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Gangnam Style - A Deeper Look at Korean Gangnam


The intent of this research is to identify an insignificant yet powerful factor in Korean home typology: the officetel. A portmanteau of Hotel and the English boarding school, the officetel used to be an administrative workstation with few primary residential centers. Like most buildings of its kind across Asia, but the building eventually evolved into more than just a workplace. Its architectural design has been especially tailored to offer comfortable and stylish living conditions for inhabitants. Even though the specific intent of this structure has remained largely unknown, what is known about it reveals a curious parallel with the evolution of several modern structures from Korea and other Asian countries.

Just as resorts gradually took on the aspect of comfortable places to unwind in the evening, so too have modern Korean residences adopted the identical aesthetic approach. In fact, the very styling of many modern Korean homes precludes the possibility of their ever being fully supplied. The structure's architecture and design strongly suggest that it had been constructed with furnishing as the most crucial component of design. In fact, at the time of building, the architects practically never made any attempt to furnish the structure at all. This may seem surprising given the emphasis on compactness that is common to modern Korean structure, but the consequence of this approach was to achieve the cheapest type of housing without compromising comfort.

The result was the creation of what was to become the familiarly recognizable Korean homestay or apartment, complete with the familiar open front doors, sliding glass doors, and other traditional homemaker features. However, because of the short timeframe allowed for construction, the officetel of Korean origin were constructed entirely on site and then shipped to their destination. While the waiting period for completion was considerable, this made the available supply of home far more than could have been achieved if constructed on site. This increased the whole demand and obviously resulted in an increase in price.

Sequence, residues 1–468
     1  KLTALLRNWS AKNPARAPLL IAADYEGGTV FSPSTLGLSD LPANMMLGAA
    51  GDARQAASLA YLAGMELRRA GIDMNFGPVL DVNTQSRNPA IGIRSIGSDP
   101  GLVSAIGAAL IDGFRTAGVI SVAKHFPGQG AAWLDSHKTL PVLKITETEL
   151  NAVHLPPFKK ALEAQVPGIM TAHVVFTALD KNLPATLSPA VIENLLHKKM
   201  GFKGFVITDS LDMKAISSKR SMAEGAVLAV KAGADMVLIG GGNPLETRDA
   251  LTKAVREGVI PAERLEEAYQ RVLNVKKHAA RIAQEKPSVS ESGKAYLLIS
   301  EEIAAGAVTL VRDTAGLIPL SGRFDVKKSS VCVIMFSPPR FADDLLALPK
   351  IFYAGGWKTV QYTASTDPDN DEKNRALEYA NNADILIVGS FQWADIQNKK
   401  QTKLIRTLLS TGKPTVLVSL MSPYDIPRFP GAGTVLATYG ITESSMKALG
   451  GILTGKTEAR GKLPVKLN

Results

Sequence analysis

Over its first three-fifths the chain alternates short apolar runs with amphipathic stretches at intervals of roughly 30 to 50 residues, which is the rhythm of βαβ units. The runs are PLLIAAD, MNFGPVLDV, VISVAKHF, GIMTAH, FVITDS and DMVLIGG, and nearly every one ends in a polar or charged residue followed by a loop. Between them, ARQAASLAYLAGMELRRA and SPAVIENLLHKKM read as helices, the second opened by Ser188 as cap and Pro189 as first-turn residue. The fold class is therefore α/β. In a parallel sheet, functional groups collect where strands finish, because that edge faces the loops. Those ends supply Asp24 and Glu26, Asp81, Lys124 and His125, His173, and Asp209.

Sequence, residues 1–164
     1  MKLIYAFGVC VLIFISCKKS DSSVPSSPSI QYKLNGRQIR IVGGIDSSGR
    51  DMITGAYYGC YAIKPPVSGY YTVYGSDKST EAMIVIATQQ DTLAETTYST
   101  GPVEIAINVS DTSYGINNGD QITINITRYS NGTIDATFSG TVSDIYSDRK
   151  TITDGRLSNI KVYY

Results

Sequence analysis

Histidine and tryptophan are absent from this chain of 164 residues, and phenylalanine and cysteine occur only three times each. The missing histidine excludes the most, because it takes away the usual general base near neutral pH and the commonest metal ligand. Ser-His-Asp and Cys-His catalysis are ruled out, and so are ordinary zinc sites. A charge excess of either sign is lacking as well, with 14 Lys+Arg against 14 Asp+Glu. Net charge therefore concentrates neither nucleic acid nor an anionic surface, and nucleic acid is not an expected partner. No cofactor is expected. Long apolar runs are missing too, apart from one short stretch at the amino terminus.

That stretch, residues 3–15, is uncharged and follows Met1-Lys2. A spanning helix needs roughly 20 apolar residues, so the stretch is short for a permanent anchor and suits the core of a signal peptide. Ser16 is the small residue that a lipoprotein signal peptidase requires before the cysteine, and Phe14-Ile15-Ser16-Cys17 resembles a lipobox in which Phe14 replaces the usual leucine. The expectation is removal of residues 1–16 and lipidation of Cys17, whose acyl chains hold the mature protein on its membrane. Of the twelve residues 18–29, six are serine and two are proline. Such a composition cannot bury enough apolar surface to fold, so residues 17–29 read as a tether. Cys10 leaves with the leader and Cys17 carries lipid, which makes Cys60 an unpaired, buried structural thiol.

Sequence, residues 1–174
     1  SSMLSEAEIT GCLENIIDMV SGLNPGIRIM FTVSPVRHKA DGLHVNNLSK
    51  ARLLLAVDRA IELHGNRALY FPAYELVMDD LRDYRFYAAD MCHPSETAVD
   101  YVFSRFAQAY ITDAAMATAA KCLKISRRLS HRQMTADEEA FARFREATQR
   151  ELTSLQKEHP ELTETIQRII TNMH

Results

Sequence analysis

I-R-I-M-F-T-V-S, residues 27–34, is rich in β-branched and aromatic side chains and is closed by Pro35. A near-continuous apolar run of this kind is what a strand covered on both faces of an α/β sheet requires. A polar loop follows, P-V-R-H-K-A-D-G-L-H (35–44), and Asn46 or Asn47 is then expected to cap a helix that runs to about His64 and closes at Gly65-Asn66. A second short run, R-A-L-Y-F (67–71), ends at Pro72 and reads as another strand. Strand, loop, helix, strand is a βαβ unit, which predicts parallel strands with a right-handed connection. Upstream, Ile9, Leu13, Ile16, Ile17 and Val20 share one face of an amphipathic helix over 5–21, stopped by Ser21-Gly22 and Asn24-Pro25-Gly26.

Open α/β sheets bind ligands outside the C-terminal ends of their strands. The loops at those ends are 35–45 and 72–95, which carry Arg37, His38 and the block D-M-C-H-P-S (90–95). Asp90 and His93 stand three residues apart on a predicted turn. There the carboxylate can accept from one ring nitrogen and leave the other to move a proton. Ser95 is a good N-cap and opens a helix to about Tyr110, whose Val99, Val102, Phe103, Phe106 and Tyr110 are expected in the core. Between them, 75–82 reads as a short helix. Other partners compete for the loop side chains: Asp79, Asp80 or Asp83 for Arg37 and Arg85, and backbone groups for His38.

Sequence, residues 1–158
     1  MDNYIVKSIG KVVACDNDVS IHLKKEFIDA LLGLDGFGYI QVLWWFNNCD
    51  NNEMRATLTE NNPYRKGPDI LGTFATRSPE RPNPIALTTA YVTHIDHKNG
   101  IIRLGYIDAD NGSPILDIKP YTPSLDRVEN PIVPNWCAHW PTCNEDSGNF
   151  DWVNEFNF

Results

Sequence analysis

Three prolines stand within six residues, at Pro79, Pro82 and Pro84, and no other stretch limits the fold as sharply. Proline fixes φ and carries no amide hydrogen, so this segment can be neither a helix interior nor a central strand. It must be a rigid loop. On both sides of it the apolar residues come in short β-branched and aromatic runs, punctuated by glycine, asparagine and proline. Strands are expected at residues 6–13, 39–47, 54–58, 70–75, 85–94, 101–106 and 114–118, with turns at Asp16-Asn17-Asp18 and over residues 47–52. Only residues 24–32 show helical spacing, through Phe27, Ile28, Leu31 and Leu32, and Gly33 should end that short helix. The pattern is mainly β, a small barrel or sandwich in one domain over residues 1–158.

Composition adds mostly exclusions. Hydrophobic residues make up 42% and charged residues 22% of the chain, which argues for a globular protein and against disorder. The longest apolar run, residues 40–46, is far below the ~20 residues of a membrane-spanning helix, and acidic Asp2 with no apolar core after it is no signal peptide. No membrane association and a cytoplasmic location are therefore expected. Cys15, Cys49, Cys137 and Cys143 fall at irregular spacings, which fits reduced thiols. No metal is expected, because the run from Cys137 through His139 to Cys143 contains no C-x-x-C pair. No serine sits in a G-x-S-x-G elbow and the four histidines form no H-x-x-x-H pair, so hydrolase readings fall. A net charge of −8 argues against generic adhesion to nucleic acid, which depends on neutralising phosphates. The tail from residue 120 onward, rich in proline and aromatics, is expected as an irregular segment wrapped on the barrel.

The eventual adoption of local production led to an increase in supply and cut down on waiting time for the final products. Of course, there were still the odd lot that could not wait and opted for the foreign manufacturers. In reaction to this, several changes were made to the Korean language legislation to enable foreigners to patent their Seoul offices. While this helped to a degree to protect some of the more obscure layouts, it did little to address the overall problem of limited quantities being generated. These problems became especially acute when Korean artists began to be hired on a regular basis from western nations.

While the objective of selling Seoul apartments was still the same - to provide living space for Koreans - the incentives for landlords were now much more complicated. From the north, they were able to secure contracts based upon the construction of their establishments, no matter whether these were homes or offices. In the south, there was no law permitting Koreans into establishments owned by foreigners (that is known as the"foreign association rule"). Further hindrances faced by Koreans working abroad included the inability to leave the country without reporting to their employer(s) and the risk of possible deportation. However, it's generally believed that the most significant factor in dissuading Koreans from leaving the country was the danger of imprisonment. As a result, many defectors (who chose to stay in the country and continue to work) decided to live in the Gangnam Bogeum District instead of the capital Seoul.

Several factors made this relocation option particularly attractive. Firstly, it meant that Koreans residing in the Gangnam District received preferential treatm

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